arXiv:1504.01618v1 [math-ph] 22 Jan 2015

is known to be Sp(2)/Sp(1) × Sp(1) ∼ S 4 . The projective metric for this space will be constructed and the curvature tensor will be shown to consist of both self-dual and anti-selfdual components. In the central projection, one hemisphere of S 4 is mapped onto the other, such that one hemisphere, excluding the equator, is equivalent to a four dimensional ball. This enables a mapping between the compact geometry of YM theory and relativity, with the double cover of the equator mapping to infinity in the anti-de Sitter (AdS) space. By interpreting the YM geometry (instanton) as the space of interactions between two particles it is suggested that the Sp(2)/Sp(1) × Sp(1) YM quaternionic geometry can be generalized to n fermions, each having an Sp(1) ∼ SU (2) gauge group.

Introduction The BPST[1] solution of the Yang-Mills (YM) functional[2] gives the field strength or curvature tensor as d¯ q ∧ dq (1) F = (1 + q q¯)2 as was shown by Atiyah.[3] Here q¯ is the conjugate of a quaternion q = x0 1+x1 i+x2 j+x3 k ∈ H, q ∧ dq is the exterior product of one-forms. The anti-commuting with q q¯ = x20 + x21 + x22 + x23 , and d¯ 2 quaternion basis elements satisfy i = j2 = k2 = ijk = −1. There are several features of this field strength = curvature two-form and associated metric that are important for the interpretation of the YM theory to be proposed, and to make the presentation self-contained the appropriate differential geometry will be developed. The YM field strength in eq. (1) will be shown to be the curvature form for the coset space Sp(2)/Sp(1) × Sp(1). Here Sp(n) is the symplectic group,[4, 5] which is a unitary group over the quaternions, H, i.e., Sp(n) ∼ U (n, H). This coset (symmetric) space is a cross-section of a principal bundle;[6] it is also a flag manifold.[7] It will be shown that this geometry can be interpreted as a description of the interaction between a pair of particles, each of which has spin with the gauge group (fiber) Sp(1) ∼ SU (2) ∼ SO(3). This has an immediate generalization to a many-body YM theory based on Sp(n)/Sp(1)n . Some of the consequences of this interpretation are discussed.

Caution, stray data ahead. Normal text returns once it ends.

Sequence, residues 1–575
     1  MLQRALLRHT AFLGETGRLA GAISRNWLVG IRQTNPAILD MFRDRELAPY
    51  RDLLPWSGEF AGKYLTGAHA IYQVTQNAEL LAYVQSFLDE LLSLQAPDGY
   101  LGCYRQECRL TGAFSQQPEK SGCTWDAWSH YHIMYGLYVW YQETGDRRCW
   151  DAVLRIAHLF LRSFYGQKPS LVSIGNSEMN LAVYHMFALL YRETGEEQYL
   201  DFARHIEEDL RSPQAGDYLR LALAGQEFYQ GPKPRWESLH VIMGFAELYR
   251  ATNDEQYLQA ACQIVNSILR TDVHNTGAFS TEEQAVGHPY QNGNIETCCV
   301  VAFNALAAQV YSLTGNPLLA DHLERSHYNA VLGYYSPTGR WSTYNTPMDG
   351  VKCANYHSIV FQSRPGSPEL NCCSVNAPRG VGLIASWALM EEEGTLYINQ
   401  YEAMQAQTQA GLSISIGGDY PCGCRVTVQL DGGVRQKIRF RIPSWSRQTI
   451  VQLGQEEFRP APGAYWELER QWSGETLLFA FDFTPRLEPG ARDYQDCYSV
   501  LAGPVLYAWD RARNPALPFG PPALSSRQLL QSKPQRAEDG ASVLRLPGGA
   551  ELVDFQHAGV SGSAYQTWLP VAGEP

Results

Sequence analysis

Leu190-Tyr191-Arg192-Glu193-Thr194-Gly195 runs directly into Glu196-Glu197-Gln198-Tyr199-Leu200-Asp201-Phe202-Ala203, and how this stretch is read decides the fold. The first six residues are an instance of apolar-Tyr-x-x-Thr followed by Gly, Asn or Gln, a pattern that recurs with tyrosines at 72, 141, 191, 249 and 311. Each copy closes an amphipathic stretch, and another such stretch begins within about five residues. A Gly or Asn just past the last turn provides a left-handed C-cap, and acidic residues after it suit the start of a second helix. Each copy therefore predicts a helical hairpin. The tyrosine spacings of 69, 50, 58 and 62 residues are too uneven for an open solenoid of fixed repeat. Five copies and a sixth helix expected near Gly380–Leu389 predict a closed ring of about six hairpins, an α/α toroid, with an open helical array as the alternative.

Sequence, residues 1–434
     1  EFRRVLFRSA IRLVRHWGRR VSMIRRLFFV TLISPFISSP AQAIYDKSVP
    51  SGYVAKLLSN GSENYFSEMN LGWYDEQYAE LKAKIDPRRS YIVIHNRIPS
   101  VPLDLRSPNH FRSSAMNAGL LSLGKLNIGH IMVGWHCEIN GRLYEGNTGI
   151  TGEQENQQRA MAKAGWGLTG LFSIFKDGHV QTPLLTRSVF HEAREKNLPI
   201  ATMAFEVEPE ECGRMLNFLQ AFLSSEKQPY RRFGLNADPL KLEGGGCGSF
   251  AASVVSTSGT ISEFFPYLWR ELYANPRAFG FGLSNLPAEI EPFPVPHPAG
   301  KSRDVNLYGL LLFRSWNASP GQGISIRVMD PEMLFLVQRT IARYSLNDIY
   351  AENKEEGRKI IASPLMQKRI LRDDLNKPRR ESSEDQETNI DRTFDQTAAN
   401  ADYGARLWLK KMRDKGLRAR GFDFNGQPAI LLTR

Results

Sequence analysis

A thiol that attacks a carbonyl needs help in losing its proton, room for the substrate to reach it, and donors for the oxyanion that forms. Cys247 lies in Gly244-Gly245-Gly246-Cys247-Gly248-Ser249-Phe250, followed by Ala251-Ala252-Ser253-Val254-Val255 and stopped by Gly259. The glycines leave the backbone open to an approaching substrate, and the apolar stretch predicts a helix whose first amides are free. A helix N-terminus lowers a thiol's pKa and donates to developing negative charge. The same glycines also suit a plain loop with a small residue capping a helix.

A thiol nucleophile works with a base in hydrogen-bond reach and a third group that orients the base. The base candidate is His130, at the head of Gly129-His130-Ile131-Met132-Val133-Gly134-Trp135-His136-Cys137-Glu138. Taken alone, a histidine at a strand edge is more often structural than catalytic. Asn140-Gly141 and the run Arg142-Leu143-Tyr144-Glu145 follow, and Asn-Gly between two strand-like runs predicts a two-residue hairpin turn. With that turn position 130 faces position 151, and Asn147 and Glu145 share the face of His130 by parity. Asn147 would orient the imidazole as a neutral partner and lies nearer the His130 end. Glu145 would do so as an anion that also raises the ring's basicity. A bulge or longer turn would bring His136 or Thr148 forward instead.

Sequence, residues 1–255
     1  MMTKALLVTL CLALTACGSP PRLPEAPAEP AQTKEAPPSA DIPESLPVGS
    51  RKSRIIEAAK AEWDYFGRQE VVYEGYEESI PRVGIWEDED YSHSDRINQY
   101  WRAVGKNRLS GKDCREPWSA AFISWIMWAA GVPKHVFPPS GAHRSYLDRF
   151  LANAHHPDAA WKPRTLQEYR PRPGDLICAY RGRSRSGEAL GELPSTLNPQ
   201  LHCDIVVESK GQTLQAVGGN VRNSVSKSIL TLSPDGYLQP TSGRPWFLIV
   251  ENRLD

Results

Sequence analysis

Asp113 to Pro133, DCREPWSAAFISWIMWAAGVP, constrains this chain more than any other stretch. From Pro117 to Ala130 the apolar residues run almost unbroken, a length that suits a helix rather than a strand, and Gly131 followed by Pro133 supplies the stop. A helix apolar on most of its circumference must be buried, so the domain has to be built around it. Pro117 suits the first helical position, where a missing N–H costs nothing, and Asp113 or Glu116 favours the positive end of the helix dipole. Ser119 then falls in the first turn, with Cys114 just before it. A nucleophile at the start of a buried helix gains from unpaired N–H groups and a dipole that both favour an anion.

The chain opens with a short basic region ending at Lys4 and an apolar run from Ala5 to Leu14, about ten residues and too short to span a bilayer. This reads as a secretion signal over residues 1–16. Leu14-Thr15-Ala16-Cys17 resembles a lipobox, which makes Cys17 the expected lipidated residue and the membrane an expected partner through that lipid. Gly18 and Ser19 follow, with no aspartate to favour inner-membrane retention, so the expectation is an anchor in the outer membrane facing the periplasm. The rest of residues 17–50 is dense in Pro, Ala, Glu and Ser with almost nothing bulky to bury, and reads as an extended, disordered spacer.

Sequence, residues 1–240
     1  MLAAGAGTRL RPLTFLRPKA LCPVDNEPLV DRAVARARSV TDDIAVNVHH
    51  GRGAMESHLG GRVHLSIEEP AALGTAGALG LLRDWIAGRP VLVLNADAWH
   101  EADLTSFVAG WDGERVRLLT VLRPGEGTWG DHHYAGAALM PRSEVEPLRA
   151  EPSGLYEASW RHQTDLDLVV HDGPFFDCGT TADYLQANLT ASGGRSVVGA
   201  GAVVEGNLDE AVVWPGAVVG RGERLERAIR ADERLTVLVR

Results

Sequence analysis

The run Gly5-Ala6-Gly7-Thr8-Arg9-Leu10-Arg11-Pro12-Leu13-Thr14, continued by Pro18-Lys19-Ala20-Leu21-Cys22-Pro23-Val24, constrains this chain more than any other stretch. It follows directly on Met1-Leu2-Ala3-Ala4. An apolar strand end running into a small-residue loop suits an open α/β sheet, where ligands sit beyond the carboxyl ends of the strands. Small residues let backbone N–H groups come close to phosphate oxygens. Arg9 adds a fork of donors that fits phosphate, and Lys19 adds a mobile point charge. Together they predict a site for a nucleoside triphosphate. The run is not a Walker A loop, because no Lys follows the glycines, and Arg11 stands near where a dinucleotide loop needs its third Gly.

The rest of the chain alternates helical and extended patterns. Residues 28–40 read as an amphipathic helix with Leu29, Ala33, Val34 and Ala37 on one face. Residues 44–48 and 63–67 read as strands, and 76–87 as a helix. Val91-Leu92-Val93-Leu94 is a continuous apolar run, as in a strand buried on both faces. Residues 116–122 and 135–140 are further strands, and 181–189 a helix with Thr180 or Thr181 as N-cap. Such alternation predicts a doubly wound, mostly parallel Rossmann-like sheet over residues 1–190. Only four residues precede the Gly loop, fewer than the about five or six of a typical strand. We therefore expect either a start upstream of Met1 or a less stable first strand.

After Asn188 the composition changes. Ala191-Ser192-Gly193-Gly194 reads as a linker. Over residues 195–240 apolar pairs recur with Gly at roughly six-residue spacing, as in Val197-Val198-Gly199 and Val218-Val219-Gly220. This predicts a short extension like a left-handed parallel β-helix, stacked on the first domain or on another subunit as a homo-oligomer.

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Principal Bundle Construction In the expectation that the differential geometry tools to be developed are useful for a variety of physical problems, but without knowing in advance the rank of an interesting space, or which field – real (R), complex (C), or quaternion (H) – might apply to a particular case, the presentation will be general. The quaternion field was displayed in the Introduction, and obviously this will be our ultimate target. However, there are other problems for which real and complex spaces are pertinent. For example, the configuration space of N particles comprising a classical system can be described with a 3 × N matrix of coordinates,

x x ··· 1 2 X = y1 y2 · · · z1 z2 · · ·

xN yN . zN